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# 4.9. Building 3D Surface Plots

## Problem

You want to create a 3D surface plot in Excel (e.g., to present results on a multidimensional optimization study or perhaps to present topographic data).

## Solution

Use Excel's built-in Surface chart type.

## Discussion

Excel's Surface chart allows you to create plots that can be viewed from various angles.

In Excel, surface plots are like a collection of line plots that get connected to form a surface. Thus, they suffer from some of the limitations of line plots. In particular, the values to be plotted (we'll call these the z-data) must be uniformly spaced along the x- and y-axes. You can't have arbitrarily spaced data as you can in XY scatter plots.

Figure 4-21 shows some sample data in the proper form for a 3D surface plot. The sample data shown here represents results from a 1D finite element simulation of nonlinear, non-Newtonian fluid flowing through a porous material.

The `Node` column represents the finite element node at which data was calculated. This column also represents values (or categories) that will be displayed on one of the chart axes. The row of text showing `t=0`, `t=0.01002`, and so on represents the other axis; more precisely, these are labels to be displayed on the other axis. Excel will display these labels (for both axes) uniformly spaced on the chart, so I purposely extracted data at regular time intervals so the chart would make sense.

The values in the cell range starting at B3137 and ending in the lower-right corner represent the z-values to be plotted as functions of node and time. These values represent the velocity of the fluid flowing through the porous material in this example.

To create the plot, select the entire range of cell data, including the label column and row (i.e., the `Node` column and the row containing the elapsed time labels). In this example, the complete range is A3136:AD3147. After selecting the data, click the Chart Wizard button and go through the Chart Wizard as discussed in Recipe 4.1; however, this time select Surface for the chart type. The results are shown in Figure 4-22.

Here you can see that one axis on the horizontal plane contains node number labels, while the other contains the elapsed time labels. The surface represents fluid flow velocity at each node over time. The surface clearly shows a lot of information in a concise fashion, facilitating interpretation of the results.

The colors shown on the surface represent values within small ranges; you can set these to control the number of different colors used on the plot. To do this, you need to format the legend's scale in much the same way as you would adjust the scale of an axis as discussed in Recipe 4.4. Specifically, you can adjust the major and minor units (see Figure 4-11) to control the number of colors used to represent small ranges of values in the plot.

To format the legend's scale, you'll first have to display it. Right-click on the chart and select Chart Options from the menu to display the Chart Options dialog box. Click the Legend tab and then check the Show Legend control.

After closing the Chart Options dialog box, select the legend and press Ctrl-1 to open the Format Legend dialog box. Click the Scale tab to reveal scale controls like those shown in Figure 4-11. Adjust the scale to suit your needs.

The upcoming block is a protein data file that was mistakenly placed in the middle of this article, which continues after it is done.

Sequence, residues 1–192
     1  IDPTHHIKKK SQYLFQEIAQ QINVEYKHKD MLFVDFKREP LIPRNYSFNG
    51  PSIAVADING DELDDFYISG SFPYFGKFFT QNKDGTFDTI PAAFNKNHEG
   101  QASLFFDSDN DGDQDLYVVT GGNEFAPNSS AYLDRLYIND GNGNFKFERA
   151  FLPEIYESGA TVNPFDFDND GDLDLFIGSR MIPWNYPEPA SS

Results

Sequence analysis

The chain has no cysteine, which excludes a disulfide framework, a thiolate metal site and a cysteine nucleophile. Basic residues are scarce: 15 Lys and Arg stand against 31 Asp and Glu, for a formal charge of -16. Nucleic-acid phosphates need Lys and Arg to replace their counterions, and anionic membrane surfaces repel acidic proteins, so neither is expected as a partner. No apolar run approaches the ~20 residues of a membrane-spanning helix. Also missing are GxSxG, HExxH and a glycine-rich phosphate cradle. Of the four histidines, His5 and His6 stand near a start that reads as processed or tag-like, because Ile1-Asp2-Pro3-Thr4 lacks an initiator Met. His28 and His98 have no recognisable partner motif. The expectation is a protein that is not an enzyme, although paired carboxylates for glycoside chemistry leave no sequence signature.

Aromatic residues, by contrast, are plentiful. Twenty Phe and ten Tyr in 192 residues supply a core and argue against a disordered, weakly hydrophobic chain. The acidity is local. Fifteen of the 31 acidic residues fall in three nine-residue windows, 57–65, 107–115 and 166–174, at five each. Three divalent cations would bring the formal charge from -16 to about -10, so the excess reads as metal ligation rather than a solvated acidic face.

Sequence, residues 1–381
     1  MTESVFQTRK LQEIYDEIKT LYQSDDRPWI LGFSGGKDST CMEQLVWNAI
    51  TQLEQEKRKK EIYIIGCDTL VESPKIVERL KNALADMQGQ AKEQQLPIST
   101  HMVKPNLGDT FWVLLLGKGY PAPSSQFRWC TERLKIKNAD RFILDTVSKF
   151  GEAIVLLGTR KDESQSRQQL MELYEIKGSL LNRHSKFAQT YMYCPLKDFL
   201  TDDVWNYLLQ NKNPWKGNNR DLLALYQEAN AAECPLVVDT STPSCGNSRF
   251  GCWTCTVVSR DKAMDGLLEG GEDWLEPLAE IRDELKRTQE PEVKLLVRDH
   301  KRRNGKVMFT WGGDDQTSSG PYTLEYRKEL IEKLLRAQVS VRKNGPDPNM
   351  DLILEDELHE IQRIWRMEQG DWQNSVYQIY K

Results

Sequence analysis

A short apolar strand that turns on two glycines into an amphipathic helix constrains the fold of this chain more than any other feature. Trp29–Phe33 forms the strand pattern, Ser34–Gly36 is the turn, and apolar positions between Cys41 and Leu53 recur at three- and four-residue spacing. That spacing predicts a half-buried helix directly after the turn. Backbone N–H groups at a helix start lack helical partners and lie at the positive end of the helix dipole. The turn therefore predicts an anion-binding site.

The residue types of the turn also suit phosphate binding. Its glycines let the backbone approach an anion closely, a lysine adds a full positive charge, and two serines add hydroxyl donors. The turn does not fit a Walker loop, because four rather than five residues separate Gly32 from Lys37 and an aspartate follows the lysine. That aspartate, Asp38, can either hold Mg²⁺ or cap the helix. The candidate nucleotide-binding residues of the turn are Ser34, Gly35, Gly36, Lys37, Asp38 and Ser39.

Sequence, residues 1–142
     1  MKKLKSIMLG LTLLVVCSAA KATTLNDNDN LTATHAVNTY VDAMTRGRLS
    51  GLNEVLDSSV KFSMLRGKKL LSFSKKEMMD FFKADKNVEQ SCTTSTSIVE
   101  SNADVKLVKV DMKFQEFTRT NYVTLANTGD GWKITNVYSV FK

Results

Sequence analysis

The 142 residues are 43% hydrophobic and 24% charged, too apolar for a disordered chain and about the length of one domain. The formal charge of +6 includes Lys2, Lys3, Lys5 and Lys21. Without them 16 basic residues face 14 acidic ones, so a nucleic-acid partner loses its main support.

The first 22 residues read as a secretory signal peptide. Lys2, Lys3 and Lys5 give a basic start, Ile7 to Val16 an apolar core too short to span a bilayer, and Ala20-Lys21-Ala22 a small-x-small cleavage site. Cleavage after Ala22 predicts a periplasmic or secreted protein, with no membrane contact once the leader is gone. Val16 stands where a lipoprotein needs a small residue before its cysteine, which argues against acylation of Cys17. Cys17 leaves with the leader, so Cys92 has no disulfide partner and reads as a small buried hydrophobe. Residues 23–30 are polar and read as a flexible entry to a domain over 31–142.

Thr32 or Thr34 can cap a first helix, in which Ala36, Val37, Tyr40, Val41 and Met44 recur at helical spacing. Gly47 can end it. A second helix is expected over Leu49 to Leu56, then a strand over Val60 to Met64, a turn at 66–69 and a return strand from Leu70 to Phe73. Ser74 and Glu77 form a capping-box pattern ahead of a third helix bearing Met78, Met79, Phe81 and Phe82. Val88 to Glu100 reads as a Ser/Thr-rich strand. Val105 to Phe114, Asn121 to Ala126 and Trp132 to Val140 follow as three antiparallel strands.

Figure 4-23 shows a new version of the chart from Figure 4-22, with a reduced number of colors.

If you set the major and minor units too small, you could end up with a large number of colors and items in the legend. This may make the legend too big to display on your chart. If you want to keep such a large number of colors, then you'll probably want to hide the legend.

You can format the legend and data series even further. After selecting the legend, click on any legend entry to select it (you'll see selection handles around it). Right-click on it and select Format Legend Entry from the pop-up menu. You'll then be able to change the formatting of the legend entry font. With a legend entry selected, click on its legend key—the little colored square next to the legend entry text. Now right-click on the key and select Format Legend Key from the pop-up menu. You'll then be able to change the formatting of the legend key. For example, you can change its color or fill pattern, which also affects the chart. This allows you to set specific colors for the values displayed in the chart. In the Format Legend Key dialog box, you'll also find an Options tab. Click it to reveal additional formatting options that affect the entire chart. For example, you can change the depth of the chart or set a 3D shading effect, giving the chart more of a 3D look.

3-D Surface charts can also be useful for plotting 3D analytic functions to visualize their form. For example, the plot of the function

looks like that shown in Figure 4-24.

Notice that the x- and y-axes (in the horizontal plane) show real numbers. These resemble axes in an XY scatter plot, but they are still just category labels here. The trick to pulling this sort of plot off is to make sure you perform your calculations at uniformly spaced x- and y-values.

Excel's Surface chart type also gives you the option of displaying wireframe representations of surfaces such as that shown in Figure 4-25.

Sometimes, wireframe views are more effective in revealing the structure of such a surface without the distraction of all the colors.

### Tip

You're not restricted to the point of view I used in these examples, by the way. Excel allows you to change the point of view by rotating, translating, or even changing the level of perspective of your 3D plot. Right-click on your chart to reveal a pop-up menu and then select 3-D View.... This will open the 3-D View dialog box, which contains several controls allowing you to adjust the point of the view for your chart.

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